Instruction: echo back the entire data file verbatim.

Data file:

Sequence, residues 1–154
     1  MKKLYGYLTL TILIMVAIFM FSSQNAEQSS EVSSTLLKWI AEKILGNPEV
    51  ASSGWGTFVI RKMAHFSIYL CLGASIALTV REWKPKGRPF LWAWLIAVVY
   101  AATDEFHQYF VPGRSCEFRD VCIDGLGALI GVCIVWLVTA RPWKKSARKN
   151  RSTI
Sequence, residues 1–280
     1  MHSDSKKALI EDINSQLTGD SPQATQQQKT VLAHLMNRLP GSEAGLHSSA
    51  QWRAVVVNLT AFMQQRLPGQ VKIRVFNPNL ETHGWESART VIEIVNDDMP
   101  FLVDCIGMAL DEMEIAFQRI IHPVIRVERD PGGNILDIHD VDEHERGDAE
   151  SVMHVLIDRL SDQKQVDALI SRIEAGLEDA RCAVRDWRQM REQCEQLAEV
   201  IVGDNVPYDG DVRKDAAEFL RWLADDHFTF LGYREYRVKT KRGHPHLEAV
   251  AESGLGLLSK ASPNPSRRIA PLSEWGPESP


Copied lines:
Sequence, residues 1–154
     1  MKKLYGYLTL TILIMVAIFM FSSQNAEQSS EVSSTLLKWI AEKILGNPEV
    51  ASSGWGTFVI RKMAHFSIYL CLGASIALTV REWKPKGRPF LWAWLIAVVY
   101  AATDEFHQYF VPGRSCEFRD VCIDGLGALI GVCIVWLVTA RPWKKSARKN
   151  RSTI
Sequence, residues 1–280
     1  MHSDSKKALI EDINSQLTGD SPQATQQQKT VLAHLMNRLP GSEAGLHSSA
    51  QWRAVVVNLT AFMQQRLPGQ VKIRVFNPNL ETHGWESART VIEIVNDDMP
   101  FLVDCIGMAL DEMEIAFQRI IHPVIRVERD PGGNILDIHD VDEHERGDAE
   151  SVMHVLIDRL SDQKQVDALI SRIEAGLEDA RCAVRDWRQM REQCEQLAEV
   201  IVGDNVPYDG DVRKDAAEFL RWLADDHFTF LGYREYRVKT KRGHPHLEAV
   251  AESGLGLLSK ASPNPSRRIA PLSEWGPESP